Experts: Corbett showing strong, Wolf stayed the course
HARRISBURG — Republican Gov. Tom Corbett's strong performance in the first gubernatorial debate may energize his campaign but probably is not enough to turn around his substantial deficit in public opinion polls with six weeks of campaigning remaining, political analysts said Tuesday.
Though Democrat Tom Wolf appeared lackluster to some and offered few details on his tax plan, as leader in the polls he did what he had to do, experts said.
Wolf, a York County businessman running as an outsider, played it safe, avoided specifics and made no mistakes, said J. Wesley Leckrone, a political science professor at Widener University in Delaware County.
Corbett and Wolf debated Monday night before nearly 1,900 people at the Chamber of Business and Industry's annual dinner in Hershey, a largely pro-Corbett crowd. The debate aired on the Pennsylvania Cable Network. Two more debates are planned in suburban Philadelphia and Wilkinsburg.
Corbett trails Wolf, on average, by a deficit of 17 percentage points in polls since July by six organizations, according to Real Clear Politics.
“I think that Gov. Corbett had the stronger performance ... and that it gives his campaign a shot of energy at a time that it desperately needs one,” said Christopher Borick, a political science professor and pollster at Muhlenberg College in Allentown. “Nevertheless, the audience reach of a debate is quite small and thus the impact on voters' choices will be very limited.
“Despite a lackluster performance, Wolf is probably quite content with the outcome.”
Joseph DiSarro, chairman of the political science department at Washington & Jefferson College, called the debate “Corbett's strongest showing.” The governor defined Wolf “as a person who is not prepared for the governorship, as someone still searching for specificity on tax policy and education.”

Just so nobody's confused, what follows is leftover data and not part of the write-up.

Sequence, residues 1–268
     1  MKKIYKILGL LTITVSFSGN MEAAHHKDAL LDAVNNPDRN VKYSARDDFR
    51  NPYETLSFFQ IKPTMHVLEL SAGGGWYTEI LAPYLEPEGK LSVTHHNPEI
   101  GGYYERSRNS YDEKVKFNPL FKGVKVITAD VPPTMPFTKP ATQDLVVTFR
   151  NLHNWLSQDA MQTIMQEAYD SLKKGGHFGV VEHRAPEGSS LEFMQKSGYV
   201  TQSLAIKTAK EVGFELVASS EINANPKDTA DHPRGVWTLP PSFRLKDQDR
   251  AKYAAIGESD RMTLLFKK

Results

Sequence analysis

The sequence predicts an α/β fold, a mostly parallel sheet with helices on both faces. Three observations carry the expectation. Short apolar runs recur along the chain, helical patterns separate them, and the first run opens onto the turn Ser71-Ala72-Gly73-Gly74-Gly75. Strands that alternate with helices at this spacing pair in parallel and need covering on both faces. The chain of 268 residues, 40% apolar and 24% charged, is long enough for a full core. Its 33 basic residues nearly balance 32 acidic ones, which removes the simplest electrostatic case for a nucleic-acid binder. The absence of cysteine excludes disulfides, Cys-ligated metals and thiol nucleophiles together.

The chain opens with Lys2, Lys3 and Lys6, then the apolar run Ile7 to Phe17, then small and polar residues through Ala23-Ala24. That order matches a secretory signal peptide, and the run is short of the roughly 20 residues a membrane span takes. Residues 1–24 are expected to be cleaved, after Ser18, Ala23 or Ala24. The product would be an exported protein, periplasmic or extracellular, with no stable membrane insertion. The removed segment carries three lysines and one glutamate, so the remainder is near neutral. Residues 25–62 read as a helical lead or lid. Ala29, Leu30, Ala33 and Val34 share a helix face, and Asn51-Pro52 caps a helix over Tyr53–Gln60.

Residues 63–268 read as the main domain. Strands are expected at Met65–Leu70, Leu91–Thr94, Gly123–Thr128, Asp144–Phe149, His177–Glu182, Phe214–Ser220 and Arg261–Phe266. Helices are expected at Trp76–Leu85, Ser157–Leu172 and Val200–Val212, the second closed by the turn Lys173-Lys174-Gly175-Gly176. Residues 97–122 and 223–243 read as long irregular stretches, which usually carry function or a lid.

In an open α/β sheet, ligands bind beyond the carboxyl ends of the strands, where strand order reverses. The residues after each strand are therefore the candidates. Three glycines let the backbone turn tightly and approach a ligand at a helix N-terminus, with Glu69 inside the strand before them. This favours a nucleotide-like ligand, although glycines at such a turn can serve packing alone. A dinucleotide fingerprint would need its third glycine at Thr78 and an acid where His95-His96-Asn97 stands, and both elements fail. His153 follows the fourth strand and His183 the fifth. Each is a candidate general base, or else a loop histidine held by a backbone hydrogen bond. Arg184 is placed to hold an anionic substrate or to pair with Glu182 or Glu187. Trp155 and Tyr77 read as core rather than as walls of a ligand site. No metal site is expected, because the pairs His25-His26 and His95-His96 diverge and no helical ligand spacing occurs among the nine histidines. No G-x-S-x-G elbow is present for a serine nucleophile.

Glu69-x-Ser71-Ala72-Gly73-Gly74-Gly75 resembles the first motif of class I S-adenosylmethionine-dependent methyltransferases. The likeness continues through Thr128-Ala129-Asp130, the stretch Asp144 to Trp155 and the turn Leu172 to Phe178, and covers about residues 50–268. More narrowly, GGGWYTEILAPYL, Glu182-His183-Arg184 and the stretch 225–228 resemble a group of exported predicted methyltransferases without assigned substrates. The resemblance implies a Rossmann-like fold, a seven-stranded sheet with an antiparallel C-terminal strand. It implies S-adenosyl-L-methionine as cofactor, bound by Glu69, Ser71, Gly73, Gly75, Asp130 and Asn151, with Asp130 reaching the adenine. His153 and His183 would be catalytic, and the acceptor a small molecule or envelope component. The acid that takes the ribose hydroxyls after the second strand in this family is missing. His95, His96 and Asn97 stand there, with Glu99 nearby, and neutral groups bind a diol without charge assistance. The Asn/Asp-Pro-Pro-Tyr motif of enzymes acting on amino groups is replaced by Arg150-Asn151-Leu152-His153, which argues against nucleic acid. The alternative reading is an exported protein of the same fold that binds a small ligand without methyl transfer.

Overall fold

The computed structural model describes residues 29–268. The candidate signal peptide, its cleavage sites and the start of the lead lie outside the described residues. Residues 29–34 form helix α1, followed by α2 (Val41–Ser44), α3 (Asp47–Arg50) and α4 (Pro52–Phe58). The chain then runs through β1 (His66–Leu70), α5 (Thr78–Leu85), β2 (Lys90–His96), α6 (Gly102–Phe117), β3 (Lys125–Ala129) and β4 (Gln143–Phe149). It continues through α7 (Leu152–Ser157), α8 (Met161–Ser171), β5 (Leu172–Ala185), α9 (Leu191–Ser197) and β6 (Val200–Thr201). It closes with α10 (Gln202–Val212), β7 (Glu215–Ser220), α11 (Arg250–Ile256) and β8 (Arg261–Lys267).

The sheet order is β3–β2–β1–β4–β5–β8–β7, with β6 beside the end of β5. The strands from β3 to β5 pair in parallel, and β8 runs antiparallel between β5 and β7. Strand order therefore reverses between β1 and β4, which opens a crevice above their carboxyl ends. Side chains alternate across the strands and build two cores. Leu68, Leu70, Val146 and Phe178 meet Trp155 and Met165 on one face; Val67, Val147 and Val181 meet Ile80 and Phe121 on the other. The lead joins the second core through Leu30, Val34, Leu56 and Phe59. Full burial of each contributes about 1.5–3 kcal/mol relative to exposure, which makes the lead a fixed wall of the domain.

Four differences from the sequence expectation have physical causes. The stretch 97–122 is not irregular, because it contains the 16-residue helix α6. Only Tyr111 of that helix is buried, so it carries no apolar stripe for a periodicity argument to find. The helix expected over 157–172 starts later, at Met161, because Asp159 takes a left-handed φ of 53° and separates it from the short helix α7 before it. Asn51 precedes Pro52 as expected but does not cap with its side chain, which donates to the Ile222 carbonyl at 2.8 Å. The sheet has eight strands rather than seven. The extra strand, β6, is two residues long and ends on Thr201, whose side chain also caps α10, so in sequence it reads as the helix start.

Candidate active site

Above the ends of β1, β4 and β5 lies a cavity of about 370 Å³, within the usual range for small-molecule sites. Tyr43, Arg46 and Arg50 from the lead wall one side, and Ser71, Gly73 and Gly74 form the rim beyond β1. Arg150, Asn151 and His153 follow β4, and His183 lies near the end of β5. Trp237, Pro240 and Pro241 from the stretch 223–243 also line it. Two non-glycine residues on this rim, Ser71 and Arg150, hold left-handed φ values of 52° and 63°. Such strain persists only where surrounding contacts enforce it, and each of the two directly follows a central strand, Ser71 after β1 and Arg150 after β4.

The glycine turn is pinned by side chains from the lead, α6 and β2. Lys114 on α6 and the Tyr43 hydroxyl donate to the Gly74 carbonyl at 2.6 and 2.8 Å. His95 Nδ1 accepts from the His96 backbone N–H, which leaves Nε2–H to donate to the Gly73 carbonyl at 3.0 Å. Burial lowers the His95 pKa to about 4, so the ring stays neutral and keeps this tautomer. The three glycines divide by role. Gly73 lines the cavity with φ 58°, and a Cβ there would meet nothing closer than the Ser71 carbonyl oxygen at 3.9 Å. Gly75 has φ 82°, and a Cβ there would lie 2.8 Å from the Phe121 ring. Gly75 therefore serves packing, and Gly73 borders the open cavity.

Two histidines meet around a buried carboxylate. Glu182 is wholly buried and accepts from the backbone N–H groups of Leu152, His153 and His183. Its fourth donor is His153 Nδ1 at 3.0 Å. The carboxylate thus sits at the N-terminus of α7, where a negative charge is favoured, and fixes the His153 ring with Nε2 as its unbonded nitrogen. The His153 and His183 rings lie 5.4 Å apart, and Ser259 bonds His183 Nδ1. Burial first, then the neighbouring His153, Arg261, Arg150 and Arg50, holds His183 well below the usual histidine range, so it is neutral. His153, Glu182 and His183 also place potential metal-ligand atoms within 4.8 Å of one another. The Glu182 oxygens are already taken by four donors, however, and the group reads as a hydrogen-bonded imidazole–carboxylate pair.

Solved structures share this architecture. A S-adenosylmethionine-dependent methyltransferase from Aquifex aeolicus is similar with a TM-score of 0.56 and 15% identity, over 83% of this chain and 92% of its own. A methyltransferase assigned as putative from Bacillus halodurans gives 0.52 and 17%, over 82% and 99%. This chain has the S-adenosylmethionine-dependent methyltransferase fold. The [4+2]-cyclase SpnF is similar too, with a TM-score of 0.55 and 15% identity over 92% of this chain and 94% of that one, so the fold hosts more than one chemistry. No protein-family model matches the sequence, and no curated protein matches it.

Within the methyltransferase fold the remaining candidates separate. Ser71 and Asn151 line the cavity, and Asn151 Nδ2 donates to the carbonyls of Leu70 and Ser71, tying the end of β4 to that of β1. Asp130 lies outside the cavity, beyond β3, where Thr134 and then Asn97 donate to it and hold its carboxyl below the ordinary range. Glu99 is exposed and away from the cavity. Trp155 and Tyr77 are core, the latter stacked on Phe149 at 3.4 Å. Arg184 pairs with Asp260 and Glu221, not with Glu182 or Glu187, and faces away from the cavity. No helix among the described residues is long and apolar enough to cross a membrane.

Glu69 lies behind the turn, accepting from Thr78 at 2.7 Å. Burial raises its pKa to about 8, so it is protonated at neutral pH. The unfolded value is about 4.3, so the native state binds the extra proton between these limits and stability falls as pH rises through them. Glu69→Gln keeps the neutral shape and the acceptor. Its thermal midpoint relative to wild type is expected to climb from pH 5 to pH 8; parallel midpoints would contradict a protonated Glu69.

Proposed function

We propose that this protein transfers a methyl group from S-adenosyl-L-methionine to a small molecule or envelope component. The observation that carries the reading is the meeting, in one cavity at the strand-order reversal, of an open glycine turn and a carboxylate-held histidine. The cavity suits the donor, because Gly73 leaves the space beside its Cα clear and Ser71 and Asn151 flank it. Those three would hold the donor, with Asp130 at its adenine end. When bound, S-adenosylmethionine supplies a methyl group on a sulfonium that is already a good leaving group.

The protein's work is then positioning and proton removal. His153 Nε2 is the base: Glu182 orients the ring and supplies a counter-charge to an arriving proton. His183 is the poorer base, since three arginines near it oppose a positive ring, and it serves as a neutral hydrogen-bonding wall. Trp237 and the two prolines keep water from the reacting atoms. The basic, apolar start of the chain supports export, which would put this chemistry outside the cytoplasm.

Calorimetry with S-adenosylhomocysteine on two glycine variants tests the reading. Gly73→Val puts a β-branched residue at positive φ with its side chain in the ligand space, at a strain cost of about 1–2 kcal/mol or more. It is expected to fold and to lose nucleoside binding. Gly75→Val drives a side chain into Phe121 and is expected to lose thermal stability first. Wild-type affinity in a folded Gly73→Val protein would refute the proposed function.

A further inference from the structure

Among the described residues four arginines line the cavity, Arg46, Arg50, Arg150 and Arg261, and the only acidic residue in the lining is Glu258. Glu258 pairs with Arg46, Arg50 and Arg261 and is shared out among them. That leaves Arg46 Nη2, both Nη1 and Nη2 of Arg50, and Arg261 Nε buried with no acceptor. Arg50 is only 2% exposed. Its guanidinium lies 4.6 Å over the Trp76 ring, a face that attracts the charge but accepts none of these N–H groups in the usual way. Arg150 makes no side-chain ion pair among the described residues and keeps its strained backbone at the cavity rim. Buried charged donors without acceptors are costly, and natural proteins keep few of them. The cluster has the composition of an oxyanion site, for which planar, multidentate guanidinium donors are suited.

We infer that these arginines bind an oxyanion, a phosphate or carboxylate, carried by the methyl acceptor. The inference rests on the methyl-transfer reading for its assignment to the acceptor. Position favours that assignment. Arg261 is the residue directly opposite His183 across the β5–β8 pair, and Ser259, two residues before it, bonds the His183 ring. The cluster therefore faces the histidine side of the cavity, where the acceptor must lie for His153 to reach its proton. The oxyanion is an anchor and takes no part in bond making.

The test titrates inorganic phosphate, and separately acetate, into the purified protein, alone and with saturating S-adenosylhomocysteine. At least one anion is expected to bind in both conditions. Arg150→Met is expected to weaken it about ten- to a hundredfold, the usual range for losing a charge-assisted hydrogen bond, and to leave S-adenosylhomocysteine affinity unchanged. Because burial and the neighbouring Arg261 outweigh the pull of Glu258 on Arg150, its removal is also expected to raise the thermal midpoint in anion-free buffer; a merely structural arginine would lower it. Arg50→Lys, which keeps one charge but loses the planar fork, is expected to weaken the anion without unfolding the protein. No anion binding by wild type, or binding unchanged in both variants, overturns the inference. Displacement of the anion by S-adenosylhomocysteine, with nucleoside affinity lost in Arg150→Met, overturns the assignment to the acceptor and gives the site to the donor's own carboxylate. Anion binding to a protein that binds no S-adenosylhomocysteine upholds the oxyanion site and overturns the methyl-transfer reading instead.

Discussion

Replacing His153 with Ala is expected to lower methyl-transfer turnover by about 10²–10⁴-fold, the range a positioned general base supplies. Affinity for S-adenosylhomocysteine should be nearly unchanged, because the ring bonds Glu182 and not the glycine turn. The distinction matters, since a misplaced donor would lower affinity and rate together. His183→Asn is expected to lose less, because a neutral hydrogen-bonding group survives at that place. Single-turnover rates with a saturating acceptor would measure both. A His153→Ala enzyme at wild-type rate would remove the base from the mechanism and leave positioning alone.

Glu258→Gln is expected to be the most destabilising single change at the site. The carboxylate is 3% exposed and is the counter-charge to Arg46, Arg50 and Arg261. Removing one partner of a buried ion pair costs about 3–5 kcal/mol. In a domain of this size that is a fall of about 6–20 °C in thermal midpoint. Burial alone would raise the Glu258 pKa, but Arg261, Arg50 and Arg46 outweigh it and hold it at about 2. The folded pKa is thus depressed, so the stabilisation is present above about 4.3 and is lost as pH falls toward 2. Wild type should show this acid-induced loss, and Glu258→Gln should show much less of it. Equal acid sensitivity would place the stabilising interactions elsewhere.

Each campaign claimed victory after the matchup.
“Tom Wolf clearly laid out a contrasting vision of how to move Pennsylvania forward,” said his spokesman Jeffrey Sheridan. “And Tom Corbett continues to live in a dream world where he pretends that he didn't cut $1 billion from our schools, or that Pennsylvania's job growth isn't among the worst in the nation.
“The truth is that Pennsylvania's schools are struggling and our economy is dismal. Tom Wolf will restore Gov. Corbett's drastic cuts to education and will work to strengthen our economy and rebuild the middle class.”
Corbett's campaign communications director Chris Pack said Wolf “doesn't really know what his vision is for Pennsylvania, aside from wanting to raise income taxes on middle-class families,” something Wolf denied.
Though DiSarro and Borick gave Corbett the advantage, Leckrone figured the decision should go to the leader in the polls.
“Both candidates did what they had to do last night. Given the size of Tom Wolf's lead in the polls, that means that the advantage has to go to him, even though Gov. Corbett performed well,” Leckrone said. “Gov. Corbett was aggressive in defending his record while pressing Wolf for the specifics of his policy plans. He also showed a different side of his personality, which is often formal and stiff. He appeared relaxed, and at times made attempts at humor. This could potentially help his ‘likeability.' ”
Leckrone said Wolf should do more of the same in the next debates.
“If Wolf lays out too many details of potential plans on educational spending, income taxes and pension reform, he opens himself up to attack on specifics,” he said.
But Borick thinks Wolf “could be a little more pointed in his challenges to the Corbett record and positions on issues such as a shale-gas severance tax.” He said Wolf at times during the debate “appeared too deferential to the governor and can afford to be more aggressive” without alienating voters.
Brad Bumsted is Trib Total Media's state Capitol reporter. Reach him at 717-787-1405 or bbumsted@tribweb,com.